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Simmering


Simmering is a moist heat method of cooking food by immersing it in hot water which is just below its boiling point, but not completely still. Simmering emerged as a variation of boiling by cooking foods at a temperature slightly lower than that of boiling. Simmering point of a liquid is the temperature at which the bubbles have just started to form and the liquid is gently moving. Simmered dishes include stews and gravies.
 


Origin of Simmering
The origin of simmering can be dated back to the origin of boiling, which was several centuries ago. Simmering evolved as a method for cooking tough cuts of meat and vegetables in a liquid maintained at a temperature which was slightly below boiling temperature but a little above poaching temperature. Simmering thus developed as a process of liquid cooking between poaching and boiling. Just like its predecessor, simmering became a widely used method in almost every cuisine of the world, and is still used not only to prepare individual dishes but also to process certain ingredients like meats and vegetables for further cooking by another process. Slow cooked crock pot dishes and meat stews are commonly prepared simmered recipes.
 


The Process of  Preparing Simmered Dishes
Simmering is carried out by completely immersing the food inside water, stock or any other cooking liquid which is continuously kept at a temperature just below its boiling point (180-200 degrees Fahrenheit in case of water). In most cases, the liquid is first brought to a boil, after which the heat is reduced so as to keep the liquid simmering. The liquid used for simmering may be discarded or served along with the cooked food, as in the case of gravies and sauce-based simmered dishes. Simmering is often used to cook tough cuts of meat, which take a long duration of time to break down the tough connective tissues present in the meat. Root vegetables and other foods, which require prolonged cooking in a gently moving liquid, are also better cooked by this method. The equipment required for preparing simmered recipes includes a controllable heat source and a container to carry out the simmering process. Simmering is a fast process, though more time consuming than boiling, but the length of the cooking time actually depends on the ingredient or dish being cooked. The usage of the method ranges from everyday dishes to complex gourmet preparations.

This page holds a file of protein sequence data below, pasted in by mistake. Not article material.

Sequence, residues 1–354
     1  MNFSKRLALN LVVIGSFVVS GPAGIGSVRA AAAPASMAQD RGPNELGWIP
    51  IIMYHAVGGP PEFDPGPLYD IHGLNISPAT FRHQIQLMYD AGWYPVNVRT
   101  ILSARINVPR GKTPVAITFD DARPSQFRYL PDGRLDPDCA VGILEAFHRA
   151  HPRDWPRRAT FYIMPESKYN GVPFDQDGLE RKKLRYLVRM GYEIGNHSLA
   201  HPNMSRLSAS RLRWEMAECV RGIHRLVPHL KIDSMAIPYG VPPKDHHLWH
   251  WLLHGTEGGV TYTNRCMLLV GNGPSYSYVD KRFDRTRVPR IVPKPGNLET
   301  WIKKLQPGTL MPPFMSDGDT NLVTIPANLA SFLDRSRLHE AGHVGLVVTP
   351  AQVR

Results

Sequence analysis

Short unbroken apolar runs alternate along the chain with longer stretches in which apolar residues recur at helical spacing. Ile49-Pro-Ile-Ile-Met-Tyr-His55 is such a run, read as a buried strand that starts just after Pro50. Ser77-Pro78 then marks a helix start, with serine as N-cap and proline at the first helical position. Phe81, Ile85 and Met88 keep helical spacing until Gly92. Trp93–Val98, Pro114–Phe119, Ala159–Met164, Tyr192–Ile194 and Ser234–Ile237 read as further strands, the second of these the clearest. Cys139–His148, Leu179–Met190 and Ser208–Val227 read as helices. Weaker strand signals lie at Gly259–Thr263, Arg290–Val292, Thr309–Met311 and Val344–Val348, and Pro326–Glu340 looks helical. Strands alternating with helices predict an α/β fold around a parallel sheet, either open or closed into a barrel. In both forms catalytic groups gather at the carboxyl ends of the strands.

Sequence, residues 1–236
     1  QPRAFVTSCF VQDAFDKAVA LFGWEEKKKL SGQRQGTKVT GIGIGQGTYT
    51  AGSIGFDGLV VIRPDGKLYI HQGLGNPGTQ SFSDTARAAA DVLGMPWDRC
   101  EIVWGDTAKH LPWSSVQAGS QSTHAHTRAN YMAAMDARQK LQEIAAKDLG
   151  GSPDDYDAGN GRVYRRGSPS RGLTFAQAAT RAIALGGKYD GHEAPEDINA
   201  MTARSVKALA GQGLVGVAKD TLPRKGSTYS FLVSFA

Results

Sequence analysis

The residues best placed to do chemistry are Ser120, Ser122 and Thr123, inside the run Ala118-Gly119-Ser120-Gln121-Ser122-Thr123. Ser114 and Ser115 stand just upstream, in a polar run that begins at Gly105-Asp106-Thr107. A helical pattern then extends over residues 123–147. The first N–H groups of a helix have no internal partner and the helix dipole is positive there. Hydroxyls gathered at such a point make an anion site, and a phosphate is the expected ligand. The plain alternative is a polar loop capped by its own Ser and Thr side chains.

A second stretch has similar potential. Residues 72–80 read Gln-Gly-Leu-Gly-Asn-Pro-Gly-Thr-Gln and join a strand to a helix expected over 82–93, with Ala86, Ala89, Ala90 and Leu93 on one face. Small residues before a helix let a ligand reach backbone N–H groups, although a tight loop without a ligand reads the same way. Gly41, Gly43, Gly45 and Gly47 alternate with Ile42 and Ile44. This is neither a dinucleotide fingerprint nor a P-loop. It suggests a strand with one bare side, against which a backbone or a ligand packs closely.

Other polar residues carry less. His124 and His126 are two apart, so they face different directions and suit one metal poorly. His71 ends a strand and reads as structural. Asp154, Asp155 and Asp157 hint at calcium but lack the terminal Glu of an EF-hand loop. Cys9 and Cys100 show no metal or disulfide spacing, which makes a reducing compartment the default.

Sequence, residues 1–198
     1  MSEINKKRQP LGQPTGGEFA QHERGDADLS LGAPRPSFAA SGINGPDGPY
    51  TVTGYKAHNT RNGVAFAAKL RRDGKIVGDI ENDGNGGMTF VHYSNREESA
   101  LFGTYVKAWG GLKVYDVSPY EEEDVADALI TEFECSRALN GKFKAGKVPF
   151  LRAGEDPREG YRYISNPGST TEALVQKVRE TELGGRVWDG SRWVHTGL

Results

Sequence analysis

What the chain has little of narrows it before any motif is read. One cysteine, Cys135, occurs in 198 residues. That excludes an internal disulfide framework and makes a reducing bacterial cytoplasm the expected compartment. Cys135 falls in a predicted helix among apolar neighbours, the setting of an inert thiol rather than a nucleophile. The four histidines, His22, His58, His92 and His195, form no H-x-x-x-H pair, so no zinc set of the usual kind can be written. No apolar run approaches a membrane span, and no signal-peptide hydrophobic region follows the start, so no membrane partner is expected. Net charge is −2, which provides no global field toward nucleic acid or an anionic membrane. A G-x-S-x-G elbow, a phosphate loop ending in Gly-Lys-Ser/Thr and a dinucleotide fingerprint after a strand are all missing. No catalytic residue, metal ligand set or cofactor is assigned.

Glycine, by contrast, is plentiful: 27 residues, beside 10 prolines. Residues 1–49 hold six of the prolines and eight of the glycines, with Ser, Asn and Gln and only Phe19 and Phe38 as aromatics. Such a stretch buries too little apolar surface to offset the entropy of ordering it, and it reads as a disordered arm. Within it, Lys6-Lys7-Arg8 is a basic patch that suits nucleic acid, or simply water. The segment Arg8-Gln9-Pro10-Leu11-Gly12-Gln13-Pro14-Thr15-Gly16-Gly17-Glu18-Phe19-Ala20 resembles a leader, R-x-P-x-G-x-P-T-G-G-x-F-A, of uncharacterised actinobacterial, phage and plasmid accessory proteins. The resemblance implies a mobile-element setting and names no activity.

Popular Simmered Recipes
Simmered dishes include stewed beef, chicken curry, and a wide variety of soup, sauce and crock pot recipes. Some dishes are also prepared by first cooking by another method and then simmering so as to allow the flavors to concentrate and thicken the gravy or sauce. Most of the firm and tough meats and vegetables are suitable for simmering, as it cooks the food all through, at the same time preventing it from breaking up, since the liquid is hot but boils gently. Simmering is widely practiced in the Western cuisine while preparing crock pot dishes and stews. In the East, it is more commonly applied in the preparation of curries and soups.
 

Advantages and Disadvantages of Simmering
Simmering is advantageous over boiling as it saves fuel, since the temperature to be maintained is lower in case of simmering. It also helps in tenderizing meats, which is an added advantage while preparing delectable dishes out of inexpensive, tough meats.
Disadvantages of simmering are that it is a time consuming process as compared to boiling, and excessive simmering can destroy the nutrients present in the food.
 

Techniques Similar to Simmering
Both boiling and poaching are methods very similar to simmering. The only difference lies in the temperature; boiling is performed at the highest temperature, followed by simmering at a slightly lower temperature, which is followed by poaching at an even lower temperature.
 
 

Simmering Trivia
• Simmering temperature changes with the change in the altitude.
• New age gas ranges come equipped with a Simmering Burner, in order to carry out the simmering process with ease.
• When a simmered dish is prepared by using milk or cream as the simmering liquid, the dish is termed creamed, instead of simmered.